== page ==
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Old 12-17-2019, 12:28 PM   #9
Doctor of GURPS Ballistics
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Join Date: Sep 2004
Location: Burnsville, MN
Default Re: Noršlond questions

Originally Posted by Magic_Octopus View Post
Thank you Douglas!

I have another question:

Previously, I have run games with mysteries in them, and sometimes I have struggled to convey the whole story to the players. They have left without a clear picture of what was going on.

This happened with Hall of Judgment, where after defeating the demon the players were wondering what the place was actually about, and why the demon was there, etc.

Here's my conundrum with Citadel of Norvörn:
Could someone give some pointers on how to let the player characters know about Orm's (or his grandfather's) deal, the breaking of it, and the consequences? I have set the game up so that they will find out slowly about the creeping alfar threat, and also the connection between the bandits in Veiddarlond and Gunnulf.

But I haven't really figured out yet how should the players learn about Orm's deal, and what that entails. It is an interesting story, and I don't want to leave my players hanging.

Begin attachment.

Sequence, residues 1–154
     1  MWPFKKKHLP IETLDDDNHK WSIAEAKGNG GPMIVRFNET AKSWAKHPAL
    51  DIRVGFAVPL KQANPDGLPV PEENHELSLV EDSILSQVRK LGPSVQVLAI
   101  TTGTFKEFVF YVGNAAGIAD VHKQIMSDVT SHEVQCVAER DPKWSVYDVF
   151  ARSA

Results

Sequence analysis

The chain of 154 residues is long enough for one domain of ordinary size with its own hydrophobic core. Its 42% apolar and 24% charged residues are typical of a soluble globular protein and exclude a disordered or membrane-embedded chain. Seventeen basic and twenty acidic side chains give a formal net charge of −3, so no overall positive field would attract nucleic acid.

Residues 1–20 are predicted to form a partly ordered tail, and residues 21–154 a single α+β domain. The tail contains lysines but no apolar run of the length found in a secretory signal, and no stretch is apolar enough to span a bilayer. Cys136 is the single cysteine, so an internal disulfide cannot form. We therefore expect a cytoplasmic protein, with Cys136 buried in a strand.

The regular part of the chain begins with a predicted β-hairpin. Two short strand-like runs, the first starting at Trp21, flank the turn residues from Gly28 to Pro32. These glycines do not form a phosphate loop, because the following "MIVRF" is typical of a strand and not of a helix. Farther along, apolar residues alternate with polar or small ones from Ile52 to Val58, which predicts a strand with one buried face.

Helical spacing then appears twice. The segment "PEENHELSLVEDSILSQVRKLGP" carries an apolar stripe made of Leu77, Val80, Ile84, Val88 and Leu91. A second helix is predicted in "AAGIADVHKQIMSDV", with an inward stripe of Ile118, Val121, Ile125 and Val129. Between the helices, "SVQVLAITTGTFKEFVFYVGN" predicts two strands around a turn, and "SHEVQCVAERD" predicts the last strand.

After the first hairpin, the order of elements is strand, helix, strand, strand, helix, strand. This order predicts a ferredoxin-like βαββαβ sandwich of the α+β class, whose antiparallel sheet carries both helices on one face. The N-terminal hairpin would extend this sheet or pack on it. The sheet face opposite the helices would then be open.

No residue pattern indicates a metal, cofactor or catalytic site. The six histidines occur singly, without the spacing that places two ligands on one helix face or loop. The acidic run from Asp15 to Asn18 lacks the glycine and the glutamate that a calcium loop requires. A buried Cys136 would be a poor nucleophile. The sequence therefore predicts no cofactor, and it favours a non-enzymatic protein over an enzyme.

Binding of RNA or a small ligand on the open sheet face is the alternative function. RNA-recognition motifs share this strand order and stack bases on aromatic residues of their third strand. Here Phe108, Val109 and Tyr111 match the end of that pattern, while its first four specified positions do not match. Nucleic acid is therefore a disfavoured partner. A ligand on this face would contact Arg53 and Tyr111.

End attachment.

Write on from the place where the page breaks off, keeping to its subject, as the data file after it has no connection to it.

Any advice on this front?
it's an interesting question, and I'm pleased that you decided to pick up that bit of story-building.

There are several possibilities here, I guess. Probably more than I can think of.

One is "the guy or one of his aids wrote down some things, like a diary"

Another is a general set of Hidden Lore (Faerie) or something like it that will give the "rules" for such an exchange. How the binding of the grandfather can pass to the children. That breaking a vow with the faerie gives that faerie power over all of the things you consider to have influence over (especially your land and family).

A good way to bring that out is to have skalds (bards) sing songs of faerie tricks and betrayal in taverns, or have the party overhear a mother or father singing songs or telling tales to children. They would serve the same goal as the "real" fairy tales in our history: warning that misdeeds and bad judgment have consequences.

Having different songs come up that each give a moral lesson about making and breaking deals, how a stalwart and honest person can be killed but never taken by faerie, never make deals, that spoken three times must be true, did I mention never make deals?

That sort of thing would be a good way to seed the ideas without stopping for "and now it's time for GM exposition"
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